Joint Replacement Rehab – Things You Can Never Do

There are several different types of joint surgery, including hip, knee, shoulder, wrist, and ankle. Regardless of which one you require, some rehabilitation time will be required before you’re back to normal. It’s important to be patient and follow the advice of your doctor and therapist. This will reduce the chances of complications like blood clots, infections, or damage to your new joint. When it comes to joint replacement rehab, there are both inpatient and outpatient options available, depending on your needs.

Though this therapy program is important after joint replacement  surgery, you do need to take it slow. Some activities are encouraged while several others should be avoided. Some activities could cause too much strain on the healing joint, resulting in pain or damage to the area.

Physical therapist helping elderly man to walk as a part of joint replacement rehab.

Joint Replacement Rehab and Things to Avoid

Joint replacement involves replacing a damaged joint with a new artificial one. Regardless of which joint you’re replacing, there will be some joint replacement rehab necessary. Even if you are able to leave the hospital the day of the surgery, there is some recovery time needed. This could last from several weeks to a few months, depending on the procedure.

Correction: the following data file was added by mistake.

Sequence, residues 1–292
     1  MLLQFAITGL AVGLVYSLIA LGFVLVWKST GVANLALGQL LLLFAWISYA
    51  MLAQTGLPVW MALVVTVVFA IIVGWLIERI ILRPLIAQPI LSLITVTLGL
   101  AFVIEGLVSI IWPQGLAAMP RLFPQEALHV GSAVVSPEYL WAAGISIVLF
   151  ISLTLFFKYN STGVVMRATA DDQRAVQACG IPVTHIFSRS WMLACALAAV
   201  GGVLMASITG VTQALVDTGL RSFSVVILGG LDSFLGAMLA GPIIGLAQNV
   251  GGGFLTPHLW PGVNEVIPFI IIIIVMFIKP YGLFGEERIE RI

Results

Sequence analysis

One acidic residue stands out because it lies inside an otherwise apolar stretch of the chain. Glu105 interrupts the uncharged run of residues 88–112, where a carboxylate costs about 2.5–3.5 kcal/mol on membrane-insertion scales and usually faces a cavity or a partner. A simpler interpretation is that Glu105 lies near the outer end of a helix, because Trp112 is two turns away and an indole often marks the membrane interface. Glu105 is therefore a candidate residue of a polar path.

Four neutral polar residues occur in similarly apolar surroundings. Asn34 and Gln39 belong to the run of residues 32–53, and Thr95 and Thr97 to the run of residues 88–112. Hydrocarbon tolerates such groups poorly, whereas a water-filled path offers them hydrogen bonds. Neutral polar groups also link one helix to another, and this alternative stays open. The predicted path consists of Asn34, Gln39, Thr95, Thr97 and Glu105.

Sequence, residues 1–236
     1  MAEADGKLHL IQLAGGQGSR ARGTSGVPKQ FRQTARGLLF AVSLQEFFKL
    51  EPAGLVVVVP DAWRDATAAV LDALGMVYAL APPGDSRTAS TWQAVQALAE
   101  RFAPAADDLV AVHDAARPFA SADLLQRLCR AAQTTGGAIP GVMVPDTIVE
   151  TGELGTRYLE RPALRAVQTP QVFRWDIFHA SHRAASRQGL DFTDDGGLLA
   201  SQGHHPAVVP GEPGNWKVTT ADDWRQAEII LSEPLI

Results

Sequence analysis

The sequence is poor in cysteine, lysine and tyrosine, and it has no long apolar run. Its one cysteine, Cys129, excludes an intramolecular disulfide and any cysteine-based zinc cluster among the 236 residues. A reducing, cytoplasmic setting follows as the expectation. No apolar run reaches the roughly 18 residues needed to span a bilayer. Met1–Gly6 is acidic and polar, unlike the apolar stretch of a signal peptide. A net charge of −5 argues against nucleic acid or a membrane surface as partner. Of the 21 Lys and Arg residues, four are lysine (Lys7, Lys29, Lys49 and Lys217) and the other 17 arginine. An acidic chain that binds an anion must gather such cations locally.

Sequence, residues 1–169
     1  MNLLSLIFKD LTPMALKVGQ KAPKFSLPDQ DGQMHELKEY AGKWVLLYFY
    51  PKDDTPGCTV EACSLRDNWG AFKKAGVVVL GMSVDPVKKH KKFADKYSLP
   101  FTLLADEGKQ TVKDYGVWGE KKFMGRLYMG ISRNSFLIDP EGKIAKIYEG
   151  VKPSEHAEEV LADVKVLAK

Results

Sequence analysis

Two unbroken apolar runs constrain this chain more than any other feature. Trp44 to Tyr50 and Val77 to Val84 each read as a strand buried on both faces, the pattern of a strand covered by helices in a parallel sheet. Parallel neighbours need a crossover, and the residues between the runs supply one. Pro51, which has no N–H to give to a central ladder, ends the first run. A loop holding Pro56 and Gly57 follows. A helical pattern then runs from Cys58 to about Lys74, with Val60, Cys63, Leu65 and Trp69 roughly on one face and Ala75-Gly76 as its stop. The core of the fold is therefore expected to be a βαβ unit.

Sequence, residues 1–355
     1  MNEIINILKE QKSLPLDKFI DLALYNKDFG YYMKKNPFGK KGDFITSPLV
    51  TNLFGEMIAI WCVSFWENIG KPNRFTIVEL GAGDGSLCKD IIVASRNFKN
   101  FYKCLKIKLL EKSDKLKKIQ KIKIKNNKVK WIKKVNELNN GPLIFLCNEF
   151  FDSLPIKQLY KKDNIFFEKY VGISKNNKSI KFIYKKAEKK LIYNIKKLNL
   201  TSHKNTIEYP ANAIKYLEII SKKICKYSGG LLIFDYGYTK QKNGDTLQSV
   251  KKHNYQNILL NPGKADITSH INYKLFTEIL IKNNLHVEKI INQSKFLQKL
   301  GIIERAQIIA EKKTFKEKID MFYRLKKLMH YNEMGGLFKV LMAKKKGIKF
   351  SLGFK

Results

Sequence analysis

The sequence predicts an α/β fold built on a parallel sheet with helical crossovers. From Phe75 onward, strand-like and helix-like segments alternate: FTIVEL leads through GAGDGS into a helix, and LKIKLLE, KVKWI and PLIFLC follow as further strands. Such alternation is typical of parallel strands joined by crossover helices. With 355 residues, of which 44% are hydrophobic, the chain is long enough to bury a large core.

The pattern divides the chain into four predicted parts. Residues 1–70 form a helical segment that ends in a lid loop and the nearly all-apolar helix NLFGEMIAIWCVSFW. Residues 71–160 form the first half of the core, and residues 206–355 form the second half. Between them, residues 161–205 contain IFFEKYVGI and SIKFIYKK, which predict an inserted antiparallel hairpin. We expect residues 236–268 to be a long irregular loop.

Avoid lifting anything heavy

One activity that you should avoid during joint replacement rehab is heavy lifting. This includes at home as well as at work. This is because putting too much weight on the joint causes unnecessary stress to the area.

Those who have had hip, knee, or ankle surgery will likely require a walker or crutches. This prevents you from putting too much weight on the affected area. It will also be recommended that you avoid some physical activities, like climbing stairs, weight lifting, running, or other contact sports.

Don’t sit for long

Sitting for too long is another activity that isn’t recommended during joint replacement rehab. Doing so increases the chances of a blood clot, which could lead to serious consequences. Prolonged sitting can also interfere with fluid drainage in your lower legs, which could increase swelling.

That’s why it is important to limit how much time you spend sitting to 45 to 60 minutes. If you must sit for longer, be sure to prop up your leg to reduce swelling as much as possible.

Don’t rush to resume normal activities too early

Though you may want to get back to your normal activities, this isn’t a good idea right after joint surgery. It takes time for your body to heal and your strength to return. That’s why it’s important to take even the simplest tasks slowly.

You can begin with the specific exercises recommended by your physical therapist. Walking with the aid of your walker or crutches is also encouraged, though only for short distances at first. You may even be able to do some light chores. Your doctor will let you know when you can safely resume your other regular activates.

Physical therapy may also be required to help you regain your strength and mobility after surgery. Your doctor will help you decide the best options, depending on your condition. The following activities will likely be ones you’ll be recommended to avoid.

This article contains informational and educational materials and does not replace health or medical advice. For questions or concerns regarding your medical condition or health objectives, speak to a qualified physician or healthcare provider.